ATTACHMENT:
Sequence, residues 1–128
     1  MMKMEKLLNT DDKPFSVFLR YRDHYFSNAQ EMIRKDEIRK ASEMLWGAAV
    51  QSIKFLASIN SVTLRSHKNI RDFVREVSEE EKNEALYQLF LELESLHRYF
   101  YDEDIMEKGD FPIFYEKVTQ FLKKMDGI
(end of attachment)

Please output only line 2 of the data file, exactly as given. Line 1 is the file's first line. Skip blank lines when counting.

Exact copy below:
     1  MMKMEKLLNT DDKPFSVFLR YRDHYFSNAQ EMIRKDEIRK ASEMLWGAAV